The association between ACR and microvascular function (responses to acetylcholine and sodium nitroprusside) were tested in the SUMMIT study. Two sample Mendelian randomization (MR) was used to infer the causal effects of eleven metabolic risk factors, including glycemic, lipid and adiposity traits on ACR. MR was performed in up to 440,000 UK Biobank and 54,451 CKDGen participants.
ACR was robustly associated with microvascular function measures in SUMMIT. Using MR we inferred that higher triglyceride and LDL-cholesterol levels caused elevated ACR. A one standard deviation (SD) higher triglyceride and LDL-C level caused a 0.062 [95%CI: 0.040, 0.083] and a 0.026 [95%CI: 0.008, 0.044] SD higher ACR respectively. There was evidence that higher body fat and visceral body fat distribution caused elevated ACR, whilst a metabolically “favourable adiposity” phenotype lowered ACR.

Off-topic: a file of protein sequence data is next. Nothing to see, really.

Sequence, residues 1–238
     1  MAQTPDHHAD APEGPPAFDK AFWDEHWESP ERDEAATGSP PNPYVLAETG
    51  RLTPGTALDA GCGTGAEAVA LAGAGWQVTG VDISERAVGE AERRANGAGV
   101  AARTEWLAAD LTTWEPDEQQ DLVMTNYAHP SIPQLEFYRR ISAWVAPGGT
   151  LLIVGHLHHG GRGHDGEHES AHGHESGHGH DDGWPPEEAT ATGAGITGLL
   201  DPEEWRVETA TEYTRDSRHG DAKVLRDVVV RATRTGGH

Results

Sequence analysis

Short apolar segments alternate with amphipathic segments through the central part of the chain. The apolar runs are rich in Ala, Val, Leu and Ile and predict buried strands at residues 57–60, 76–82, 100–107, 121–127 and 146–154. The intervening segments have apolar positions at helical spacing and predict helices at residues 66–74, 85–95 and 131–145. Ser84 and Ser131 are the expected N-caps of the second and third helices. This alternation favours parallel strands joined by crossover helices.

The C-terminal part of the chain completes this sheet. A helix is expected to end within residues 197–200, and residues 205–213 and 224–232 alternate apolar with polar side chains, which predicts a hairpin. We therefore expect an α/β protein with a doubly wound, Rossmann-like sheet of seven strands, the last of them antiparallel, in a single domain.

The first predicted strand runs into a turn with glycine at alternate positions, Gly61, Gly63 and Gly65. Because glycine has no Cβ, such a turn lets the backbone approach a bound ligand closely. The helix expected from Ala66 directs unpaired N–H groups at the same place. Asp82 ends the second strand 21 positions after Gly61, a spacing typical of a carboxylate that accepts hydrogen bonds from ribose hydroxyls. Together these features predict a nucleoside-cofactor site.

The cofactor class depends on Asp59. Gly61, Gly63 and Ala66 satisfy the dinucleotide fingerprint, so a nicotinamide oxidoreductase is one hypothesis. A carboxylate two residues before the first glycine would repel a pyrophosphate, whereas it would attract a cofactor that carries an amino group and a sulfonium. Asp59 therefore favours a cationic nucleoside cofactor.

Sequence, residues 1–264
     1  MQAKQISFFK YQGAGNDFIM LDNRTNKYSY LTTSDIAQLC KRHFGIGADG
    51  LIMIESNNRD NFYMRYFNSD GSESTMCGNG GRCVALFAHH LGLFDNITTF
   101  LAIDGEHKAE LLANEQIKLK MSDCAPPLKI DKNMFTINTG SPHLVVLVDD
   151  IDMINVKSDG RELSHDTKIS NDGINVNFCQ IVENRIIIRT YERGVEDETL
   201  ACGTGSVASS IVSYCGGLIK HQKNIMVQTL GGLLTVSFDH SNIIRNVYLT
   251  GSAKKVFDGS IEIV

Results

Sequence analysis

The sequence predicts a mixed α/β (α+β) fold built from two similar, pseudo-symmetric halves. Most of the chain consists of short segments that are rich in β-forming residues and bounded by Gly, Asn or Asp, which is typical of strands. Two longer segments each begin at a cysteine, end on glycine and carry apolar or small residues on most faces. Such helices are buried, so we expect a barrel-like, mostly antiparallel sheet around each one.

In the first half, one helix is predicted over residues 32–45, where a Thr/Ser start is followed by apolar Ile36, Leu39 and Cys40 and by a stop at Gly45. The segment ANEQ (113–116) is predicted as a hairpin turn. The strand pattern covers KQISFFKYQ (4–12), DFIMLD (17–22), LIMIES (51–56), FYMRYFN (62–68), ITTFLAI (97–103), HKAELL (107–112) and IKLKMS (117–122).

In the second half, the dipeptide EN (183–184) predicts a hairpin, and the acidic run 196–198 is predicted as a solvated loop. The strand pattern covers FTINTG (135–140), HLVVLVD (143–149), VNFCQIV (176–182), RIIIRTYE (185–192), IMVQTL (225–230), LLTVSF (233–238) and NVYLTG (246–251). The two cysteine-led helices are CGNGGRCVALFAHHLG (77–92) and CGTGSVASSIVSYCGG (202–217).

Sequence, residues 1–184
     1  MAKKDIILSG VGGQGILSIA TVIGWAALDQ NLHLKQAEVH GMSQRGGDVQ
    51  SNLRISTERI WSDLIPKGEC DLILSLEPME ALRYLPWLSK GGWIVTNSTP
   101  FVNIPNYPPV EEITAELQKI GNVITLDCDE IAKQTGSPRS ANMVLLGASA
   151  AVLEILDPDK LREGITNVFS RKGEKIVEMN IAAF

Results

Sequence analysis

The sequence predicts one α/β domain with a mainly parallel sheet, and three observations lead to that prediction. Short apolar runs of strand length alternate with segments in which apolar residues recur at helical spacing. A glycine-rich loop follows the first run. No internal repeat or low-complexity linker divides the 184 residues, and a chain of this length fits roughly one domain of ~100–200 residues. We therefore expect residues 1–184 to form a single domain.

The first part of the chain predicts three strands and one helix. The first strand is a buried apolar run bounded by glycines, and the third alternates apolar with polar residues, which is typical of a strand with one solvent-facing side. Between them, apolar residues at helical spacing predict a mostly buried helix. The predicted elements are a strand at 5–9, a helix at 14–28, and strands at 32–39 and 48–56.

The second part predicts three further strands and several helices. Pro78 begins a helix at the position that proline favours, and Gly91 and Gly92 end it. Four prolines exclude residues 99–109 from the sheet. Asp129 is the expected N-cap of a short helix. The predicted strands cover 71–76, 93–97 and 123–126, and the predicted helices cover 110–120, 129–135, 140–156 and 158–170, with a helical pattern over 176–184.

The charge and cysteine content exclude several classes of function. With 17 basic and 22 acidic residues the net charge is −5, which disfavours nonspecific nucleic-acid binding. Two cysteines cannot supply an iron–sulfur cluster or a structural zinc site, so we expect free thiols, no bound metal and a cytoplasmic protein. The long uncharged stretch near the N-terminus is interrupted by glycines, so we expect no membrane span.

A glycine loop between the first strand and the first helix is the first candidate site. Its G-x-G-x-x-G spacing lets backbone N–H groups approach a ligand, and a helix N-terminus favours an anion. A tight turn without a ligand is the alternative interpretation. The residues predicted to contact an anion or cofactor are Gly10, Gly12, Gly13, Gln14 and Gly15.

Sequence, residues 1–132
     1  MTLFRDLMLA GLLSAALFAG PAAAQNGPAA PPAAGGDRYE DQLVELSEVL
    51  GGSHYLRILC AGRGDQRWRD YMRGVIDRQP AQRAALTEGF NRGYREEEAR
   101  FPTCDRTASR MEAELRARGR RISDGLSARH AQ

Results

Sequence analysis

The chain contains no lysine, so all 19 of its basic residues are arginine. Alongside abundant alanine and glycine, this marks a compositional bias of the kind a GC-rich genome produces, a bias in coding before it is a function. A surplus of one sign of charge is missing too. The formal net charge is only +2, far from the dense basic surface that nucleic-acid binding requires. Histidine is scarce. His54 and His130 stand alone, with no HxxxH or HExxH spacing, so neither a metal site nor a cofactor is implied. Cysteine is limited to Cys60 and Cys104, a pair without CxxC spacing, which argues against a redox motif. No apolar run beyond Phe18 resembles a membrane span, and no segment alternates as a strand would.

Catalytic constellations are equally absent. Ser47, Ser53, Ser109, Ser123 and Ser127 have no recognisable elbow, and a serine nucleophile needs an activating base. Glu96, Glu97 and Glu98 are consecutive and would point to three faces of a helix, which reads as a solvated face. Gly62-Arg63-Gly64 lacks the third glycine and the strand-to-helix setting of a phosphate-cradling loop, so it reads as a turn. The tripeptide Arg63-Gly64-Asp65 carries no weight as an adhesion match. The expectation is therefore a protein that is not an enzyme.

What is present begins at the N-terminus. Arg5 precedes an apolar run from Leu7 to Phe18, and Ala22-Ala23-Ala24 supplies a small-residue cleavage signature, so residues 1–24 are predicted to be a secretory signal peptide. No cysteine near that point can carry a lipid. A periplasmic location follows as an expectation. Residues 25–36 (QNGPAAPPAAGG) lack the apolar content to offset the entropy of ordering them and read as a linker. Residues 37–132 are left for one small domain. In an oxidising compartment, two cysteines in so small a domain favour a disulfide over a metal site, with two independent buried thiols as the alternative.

ACR is a valid marker for microvascular function. MR suggested that 7 traits have causal effects on ACR, highlighting the role of adiposity related traits in causing lower microvascular function.